Turn on "Save RAW and JPEG files" to create and capture
RAW files when shooting in Pro Mode.

When I attempted to shoot RAW on the S9, though, I ran into problems. I set the camera to save RAW (DNG) files and shot in the required PRO mode, but when I tried to find the files, they were nowhere to be found. When this setting is on, the camera is supposed to save RAW and JPG files. The JPG files appeared in the gallery, but without the companion RAW files. I checked the S9’s MY FILES folder, but the RAW files were not there either. It’s important to note that I was not using an SD Card, but I did have more than 45GB of storage space available. 

A little Googling found many questions about difficulty finding RAW files, but no answers. I decided to call Samsung Support. The support tech I spoke with was not familiar with photography in general nor the Samsung camera and did not understand what a RAW file was or that the Samsung S9 was designed to produce such a file.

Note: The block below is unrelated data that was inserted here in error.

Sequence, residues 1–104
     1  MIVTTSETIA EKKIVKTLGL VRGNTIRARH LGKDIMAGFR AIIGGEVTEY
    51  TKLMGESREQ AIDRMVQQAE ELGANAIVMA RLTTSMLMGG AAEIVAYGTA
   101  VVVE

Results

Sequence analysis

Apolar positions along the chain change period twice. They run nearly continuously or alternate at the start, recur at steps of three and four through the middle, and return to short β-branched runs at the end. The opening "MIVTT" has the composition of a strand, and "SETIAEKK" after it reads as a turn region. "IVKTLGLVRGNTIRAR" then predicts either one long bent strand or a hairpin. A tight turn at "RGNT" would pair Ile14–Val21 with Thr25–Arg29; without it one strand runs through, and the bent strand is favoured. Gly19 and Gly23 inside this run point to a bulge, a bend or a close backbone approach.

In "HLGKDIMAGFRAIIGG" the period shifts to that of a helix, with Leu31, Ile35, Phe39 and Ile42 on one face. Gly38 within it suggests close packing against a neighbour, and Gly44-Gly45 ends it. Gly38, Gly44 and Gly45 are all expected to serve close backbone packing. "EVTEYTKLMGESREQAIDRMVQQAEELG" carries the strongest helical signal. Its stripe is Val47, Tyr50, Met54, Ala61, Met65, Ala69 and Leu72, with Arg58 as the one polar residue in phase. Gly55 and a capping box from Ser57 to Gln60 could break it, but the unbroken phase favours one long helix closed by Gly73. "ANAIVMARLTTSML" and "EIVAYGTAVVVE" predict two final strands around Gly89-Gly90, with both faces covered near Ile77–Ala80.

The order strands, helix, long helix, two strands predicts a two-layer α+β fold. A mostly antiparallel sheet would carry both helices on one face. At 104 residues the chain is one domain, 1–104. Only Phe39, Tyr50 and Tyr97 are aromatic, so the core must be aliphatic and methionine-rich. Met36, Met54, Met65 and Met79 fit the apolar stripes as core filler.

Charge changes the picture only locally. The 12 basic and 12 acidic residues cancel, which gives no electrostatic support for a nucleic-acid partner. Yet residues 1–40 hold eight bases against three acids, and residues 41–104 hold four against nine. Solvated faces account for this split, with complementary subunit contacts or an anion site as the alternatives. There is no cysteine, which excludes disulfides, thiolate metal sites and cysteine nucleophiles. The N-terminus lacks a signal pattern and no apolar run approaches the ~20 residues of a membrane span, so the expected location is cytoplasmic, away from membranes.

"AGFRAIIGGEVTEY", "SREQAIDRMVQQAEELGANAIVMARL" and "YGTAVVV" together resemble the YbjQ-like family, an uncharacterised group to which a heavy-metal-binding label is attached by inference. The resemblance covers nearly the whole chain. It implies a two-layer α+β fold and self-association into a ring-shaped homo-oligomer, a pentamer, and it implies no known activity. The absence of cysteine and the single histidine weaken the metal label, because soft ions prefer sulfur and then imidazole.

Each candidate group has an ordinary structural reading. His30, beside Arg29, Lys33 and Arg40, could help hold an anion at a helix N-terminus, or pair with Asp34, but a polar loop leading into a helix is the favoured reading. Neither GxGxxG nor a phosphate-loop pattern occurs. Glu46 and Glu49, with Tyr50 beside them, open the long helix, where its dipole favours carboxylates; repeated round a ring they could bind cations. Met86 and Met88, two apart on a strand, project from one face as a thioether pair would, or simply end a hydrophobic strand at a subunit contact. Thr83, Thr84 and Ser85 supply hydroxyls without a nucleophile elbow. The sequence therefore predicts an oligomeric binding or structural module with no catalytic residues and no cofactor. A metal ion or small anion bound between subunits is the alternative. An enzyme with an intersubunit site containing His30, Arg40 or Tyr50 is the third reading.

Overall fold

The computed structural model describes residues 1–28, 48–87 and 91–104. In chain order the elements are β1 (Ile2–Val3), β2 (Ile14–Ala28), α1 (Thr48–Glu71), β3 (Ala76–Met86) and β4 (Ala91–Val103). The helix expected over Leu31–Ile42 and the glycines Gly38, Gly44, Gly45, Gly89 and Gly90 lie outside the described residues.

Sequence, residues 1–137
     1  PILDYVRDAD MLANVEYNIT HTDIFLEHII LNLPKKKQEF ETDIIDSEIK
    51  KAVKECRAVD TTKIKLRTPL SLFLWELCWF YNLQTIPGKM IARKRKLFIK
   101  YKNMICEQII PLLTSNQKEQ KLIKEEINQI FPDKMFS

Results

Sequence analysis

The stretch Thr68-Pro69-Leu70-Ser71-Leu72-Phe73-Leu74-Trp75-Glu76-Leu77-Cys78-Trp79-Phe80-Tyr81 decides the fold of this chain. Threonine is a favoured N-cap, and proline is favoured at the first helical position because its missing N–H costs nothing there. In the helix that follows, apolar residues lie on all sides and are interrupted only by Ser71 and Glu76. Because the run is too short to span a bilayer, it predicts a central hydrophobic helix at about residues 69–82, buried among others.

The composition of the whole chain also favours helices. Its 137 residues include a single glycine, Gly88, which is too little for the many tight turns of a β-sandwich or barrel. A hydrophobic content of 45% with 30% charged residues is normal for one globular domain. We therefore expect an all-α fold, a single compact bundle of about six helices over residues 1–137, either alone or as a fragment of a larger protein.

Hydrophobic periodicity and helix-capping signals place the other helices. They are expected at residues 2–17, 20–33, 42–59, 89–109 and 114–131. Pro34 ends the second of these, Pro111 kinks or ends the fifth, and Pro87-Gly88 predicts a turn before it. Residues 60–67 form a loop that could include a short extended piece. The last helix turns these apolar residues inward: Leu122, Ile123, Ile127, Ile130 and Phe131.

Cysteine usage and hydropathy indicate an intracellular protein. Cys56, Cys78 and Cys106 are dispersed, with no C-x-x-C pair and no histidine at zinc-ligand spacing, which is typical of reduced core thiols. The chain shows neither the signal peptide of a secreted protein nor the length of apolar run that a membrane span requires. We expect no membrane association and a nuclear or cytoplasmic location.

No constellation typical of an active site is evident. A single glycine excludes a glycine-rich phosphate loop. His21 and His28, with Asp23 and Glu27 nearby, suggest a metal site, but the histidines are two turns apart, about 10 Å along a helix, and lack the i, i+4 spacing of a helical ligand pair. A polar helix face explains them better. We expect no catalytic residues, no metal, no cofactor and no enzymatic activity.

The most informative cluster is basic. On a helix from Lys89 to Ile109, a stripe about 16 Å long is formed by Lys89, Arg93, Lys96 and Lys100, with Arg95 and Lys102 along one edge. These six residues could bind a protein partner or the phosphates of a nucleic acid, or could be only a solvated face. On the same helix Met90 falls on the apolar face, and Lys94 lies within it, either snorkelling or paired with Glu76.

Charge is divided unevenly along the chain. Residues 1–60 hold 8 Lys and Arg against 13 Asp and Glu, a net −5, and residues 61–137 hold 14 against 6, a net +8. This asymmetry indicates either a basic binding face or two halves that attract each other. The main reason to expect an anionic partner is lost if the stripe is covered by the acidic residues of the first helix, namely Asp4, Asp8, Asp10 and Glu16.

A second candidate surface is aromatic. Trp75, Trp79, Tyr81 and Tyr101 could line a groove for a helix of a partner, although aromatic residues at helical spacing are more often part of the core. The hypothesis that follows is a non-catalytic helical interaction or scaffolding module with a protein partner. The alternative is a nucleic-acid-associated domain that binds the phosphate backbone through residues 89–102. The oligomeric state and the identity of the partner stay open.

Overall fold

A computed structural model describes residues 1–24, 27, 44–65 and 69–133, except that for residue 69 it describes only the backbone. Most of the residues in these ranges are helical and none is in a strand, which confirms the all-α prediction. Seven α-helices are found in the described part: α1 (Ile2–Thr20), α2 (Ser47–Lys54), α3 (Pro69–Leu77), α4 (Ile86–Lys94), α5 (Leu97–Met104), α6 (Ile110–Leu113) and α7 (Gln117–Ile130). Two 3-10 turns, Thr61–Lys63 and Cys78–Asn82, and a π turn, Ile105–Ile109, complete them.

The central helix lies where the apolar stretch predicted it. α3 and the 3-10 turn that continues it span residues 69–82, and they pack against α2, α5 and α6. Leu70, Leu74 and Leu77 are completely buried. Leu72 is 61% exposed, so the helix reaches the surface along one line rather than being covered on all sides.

After I explained that the S9 is designed to allow the user to set it to capture RAW files, but that when I did so I couldn’t find the RAW files, the tech put me on hold to check it out. When he returned 35 minutes later, he said that he and his colleagues had set an S9 to capture RAW files and that they couldn’t find the files either. He told me where they SHOULD be (in the MY FILES folder), but that they did not appear there. 

He advised that I take my phone into the closest BEST BUY store to have it looked at. I found this to be an odd recommendation, since, as the support team had shown, the problem is not with MY phone, but apparently is a problem replicated on other S9’s as well.